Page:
Green River Star -

By David Martin

Battle looms over skill games


January 2, 2019

An opinion issued by the Wyoming Attorney General’s office has determined electronic terminals titled “Wyoming Skill Games” to be illegal, causing establishments in Green River to pull the plug on the popular games.

The office issued a press release two weeks ago regarding the legality of the games. The terminals utilize an interface which looks like a slot machine’s reels. A player pays the machine to spin the reels, then receives an opportunity to change the result to a more favorable combination.

According to the release, the office received requests from law enforcement agencies across the state regarding the games’ legality.

“With the cooperation of the device distributors, I have examined how they operate, Attorney General Peter K. Michael said in the release. “These machines are illegal gambling devices under Wyoming law. Those who play them are engaged in gambling, which is a crime in Wyoming, and those who provide the games are engaged in professional gambling, which is also a crime in Wyoming.”

Michael said because gambling is a crime and not a civil violation, local law enforcement and prosecutors will have to determine how and when they will respond in communities with the machines. Sweetwater County Attorney Daniel Erramouspe said he has reviewed the opinion and plans to meet with the heads of local law enforcement to discuss it.

“It is not my intention to do anything at this time regarding the game terminals in operation,” Erramouspe said.

According to Jamie Green, spokesperson for the Green River Police Department, Chief Tom Jarvie plans to have officers talk to local business owners about the attorney general’s opinion and take action on businesses that do not comply.

Mounting opposition

One local business plans to keep the games running as long as they can. Marlene Siler, the human resources manager at the Brewery, said the bar will continue hosting the terminals until forced to take them out. She doesn’t see the games as gambling, believing the machines host games of skill.

She also said the machines have documents posted next to them, showing how the terminals are legal under state law. Siler also believes the opinion comes from the state seeking revenue from profits made off the machines. She said the bar does profit form the terminals, but said the profit isn’t a large amount.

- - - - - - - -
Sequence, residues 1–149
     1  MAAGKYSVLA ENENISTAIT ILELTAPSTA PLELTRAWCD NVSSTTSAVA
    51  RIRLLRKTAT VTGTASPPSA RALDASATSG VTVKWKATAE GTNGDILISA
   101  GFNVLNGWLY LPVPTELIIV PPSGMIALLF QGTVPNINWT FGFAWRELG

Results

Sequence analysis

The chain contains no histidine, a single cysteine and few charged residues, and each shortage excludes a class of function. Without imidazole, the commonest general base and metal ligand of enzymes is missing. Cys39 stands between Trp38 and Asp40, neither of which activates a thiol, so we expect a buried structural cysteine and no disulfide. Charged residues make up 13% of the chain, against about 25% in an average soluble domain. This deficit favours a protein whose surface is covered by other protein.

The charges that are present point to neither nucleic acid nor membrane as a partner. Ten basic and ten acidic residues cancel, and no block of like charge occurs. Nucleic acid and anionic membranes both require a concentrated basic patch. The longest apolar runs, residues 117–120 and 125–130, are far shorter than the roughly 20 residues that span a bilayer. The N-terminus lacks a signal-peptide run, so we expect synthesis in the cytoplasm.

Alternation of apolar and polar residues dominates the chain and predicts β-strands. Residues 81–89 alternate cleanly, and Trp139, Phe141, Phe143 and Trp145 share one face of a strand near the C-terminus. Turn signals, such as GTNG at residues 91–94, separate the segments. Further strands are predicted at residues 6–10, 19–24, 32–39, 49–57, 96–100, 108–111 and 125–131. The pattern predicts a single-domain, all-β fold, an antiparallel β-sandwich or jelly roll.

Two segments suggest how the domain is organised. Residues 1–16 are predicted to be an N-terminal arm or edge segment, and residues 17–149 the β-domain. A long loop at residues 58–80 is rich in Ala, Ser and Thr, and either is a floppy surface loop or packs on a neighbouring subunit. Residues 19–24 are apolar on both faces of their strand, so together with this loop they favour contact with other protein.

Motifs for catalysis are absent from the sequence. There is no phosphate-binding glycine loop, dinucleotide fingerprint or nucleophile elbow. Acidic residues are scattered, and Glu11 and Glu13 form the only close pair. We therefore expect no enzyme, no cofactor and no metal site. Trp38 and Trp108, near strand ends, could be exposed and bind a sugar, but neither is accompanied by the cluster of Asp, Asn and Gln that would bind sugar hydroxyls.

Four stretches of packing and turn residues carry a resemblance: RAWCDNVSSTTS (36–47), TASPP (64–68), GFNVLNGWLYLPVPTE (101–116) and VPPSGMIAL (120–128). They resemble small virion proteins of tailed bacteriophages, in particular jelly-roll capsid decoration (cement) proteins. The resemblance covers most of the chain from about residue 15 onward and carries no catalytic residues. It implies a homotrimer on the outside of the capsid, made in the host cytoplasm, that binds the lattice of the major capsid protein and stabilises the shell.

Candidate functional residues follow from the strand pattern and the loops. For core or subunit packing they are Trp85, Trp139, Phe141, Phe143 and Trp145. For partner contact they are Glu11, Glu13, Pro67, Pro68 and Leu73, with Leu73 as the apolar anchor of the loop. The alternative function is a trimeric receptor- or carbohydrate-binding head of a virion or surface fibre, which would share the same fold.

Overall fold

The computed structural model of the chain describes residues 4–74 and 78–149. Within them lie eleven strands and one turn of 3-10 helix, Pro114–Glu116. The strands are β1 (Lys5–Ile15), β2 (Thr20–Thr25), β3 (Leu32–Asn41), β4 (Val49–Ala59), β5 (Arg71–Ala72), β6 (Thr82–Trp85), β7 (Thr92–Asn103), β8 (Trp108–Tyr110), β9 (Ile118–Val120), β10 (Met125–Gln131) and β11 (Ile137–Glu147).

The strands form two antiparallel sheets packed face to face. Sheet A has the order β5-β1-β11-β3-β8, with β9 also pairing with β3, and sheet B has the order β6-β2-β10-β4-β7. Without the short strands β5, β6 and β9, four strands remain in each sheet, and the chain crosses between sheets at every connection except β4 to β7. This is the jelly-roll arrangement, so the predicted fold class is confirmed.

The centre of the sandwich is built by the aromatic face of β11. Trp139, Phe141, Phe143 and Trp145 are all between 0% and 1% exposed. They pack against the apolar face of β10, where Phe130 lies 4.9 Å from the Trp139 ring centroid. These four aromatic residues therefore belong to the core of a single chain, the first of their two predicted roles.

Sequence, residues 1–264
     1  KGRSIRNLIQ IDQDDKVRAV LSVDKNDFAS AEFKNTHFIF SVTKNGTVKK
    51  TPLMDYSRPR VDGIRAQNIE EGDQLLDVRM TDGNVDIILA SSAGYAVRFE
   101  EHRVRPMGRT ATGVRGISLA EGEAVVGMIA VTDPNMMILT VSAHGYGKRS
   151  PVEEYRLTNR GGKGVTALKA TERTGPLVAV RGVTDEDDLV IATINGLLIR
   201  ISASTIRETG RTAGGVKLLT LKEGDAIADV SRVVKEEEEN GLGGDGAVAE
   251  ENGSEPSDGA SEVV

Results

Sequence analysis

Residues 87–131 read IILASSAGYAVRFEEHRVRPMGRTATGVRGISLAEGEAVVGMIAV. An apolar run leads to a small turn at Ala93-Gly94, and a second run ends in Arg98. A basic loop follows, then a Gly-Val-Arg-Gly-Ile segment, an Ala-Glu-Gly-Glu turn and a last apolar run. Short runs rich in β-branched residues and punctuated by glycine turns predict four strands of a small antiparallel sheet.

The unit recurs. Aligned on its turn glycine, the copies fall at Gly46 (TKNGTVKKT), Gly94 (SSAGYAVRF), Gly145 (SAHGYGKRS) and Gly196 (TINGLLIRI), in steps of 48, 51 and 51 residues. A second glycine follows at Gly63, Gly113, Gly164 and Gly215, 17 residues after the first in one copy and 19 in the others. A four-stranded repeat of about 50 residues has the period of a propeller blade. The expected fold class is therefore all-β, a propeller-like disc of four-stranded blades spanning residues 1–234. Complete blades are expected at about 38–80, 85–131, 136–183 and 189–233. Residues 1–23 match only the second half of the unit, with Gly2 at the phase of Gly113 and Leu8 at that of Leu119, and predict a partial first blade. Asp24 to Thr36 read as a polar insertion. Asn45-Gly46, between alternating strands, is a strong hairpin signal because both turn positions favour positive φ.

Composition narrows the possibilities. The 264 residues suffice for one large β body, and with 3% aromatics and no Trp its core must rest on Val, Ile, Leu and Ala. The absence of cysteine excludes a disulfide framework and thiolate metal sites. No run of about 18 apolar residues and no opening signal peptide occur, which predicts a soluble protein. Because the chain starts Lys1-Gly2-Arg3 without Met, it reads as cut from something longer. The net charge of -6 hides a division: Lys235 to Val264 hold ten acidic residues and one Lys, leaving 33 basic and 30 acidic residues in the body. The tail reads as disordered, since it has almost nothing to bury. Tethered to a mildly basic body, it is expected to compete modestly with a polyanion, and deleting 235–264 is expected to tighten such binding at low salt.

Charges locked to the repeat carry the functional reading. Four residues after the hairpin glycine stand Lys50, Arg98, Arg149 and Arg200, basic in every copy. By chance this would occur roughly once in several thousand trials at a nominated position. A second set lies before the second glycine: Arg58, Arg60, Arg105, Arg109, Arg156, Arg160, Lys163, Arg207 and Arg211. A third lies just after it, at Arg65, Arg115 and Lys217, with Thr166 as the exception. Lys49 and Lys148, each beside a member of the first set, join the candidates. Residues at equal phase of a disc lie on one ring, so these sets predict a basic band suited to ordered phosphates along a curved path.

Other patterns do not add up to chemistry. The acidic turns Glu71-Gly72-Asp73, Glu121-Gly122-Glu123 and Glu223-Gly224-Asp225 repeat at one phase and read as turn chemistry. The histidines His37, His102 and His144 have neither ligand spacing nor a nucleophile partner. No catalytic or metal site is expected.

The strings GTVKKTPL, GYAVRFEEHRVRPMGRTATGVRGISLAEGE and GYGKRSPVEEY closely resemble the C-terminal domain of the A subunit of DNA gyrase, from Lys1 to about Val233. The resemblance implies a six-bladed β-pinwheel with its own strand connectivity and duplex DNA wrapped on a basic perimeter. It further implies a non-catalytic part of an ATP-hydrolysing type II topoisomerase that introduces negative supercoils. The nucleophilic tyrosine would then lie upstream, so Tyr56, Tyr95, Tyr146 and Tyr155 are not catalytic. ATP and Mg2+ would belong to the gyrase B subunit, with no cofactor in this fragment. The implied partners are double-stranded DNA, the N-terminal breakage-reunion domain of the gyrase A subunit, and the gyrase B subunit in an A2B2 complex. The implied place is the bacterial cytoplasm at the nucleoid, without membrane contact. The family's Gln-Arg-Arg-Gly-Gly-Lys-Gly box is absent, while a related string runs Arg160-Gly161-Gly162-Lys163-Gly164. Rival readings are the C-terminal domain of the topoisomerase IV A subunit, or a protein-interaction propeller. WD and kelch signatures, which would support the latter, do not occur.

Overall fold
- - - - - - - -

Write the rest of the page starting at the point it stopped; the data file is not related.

Many others have taken a similar approach to the issue.

According to the Wyoming Tribune-Eagle newspaper in Cheyenne, a lawsuit was filed by a group of organizations operating the machines, claiming the game design makes the outcome based on skill and exempts machines from the state’s gambling laws. The lawsuit, filed in Natrona County, also seeks an injunction to prevent enforcement of Michael’s opinion until an official ruling can take place. Rep. Stan Blake, D-Green River, said a bill regarding skill games is also being drafted. The bill has not been posted to the Wyoming Legislature’s website as of press time.

A historical perspective

Green River has benefited from gambling and other vices in the past, one of the biggest benefits coming in the form of land that expanded the city. Edward L. Taliaferro said in the June 20, 1979, issue of the Green River Star that land used for the Rancho, Liberty, Hutton Heights, Paxton Webb and Valley View subdivisions was purchased through taxes levied on gambling and prostitution. Taliaferro, who was mayor from 1943 to 1947, said the two vices flourished with the town’s economy during the World War II years, which resulted from the Green River Depot being ranked seventh in the nation for material shipped through.

“We charged the gambling out at $75 a table and $15 for slots. The girls had to pay $25 a month,” Taliaferro told the newspaper. “I guess some would call it a ‘fine’ every month. I made sure the money went to the town and not into somebody’s pocket. The land south of the river was paid for by community vice.”

Much of the gambling occurred at places like the Oxford Club and the Green House.

“Gambling wasn’t something that was advertised, but we know things were going on,” Brie Blasi, director of the Sweetwater County Historical Museum, said.

One of the slot machines Taliaferro mentioned is in the Sweetwater County Historical Museum’s collection and was once on display in its gallery.

Gambling in Green River goes back further than the World War II boom time. The June 8, 1906, issue of the Green River Star notes gambling brought the town $700 between June 5, 1905, and June 6, 1906. Adjusted for inflation, that $700 in 1906 amounts to $18,495.27.


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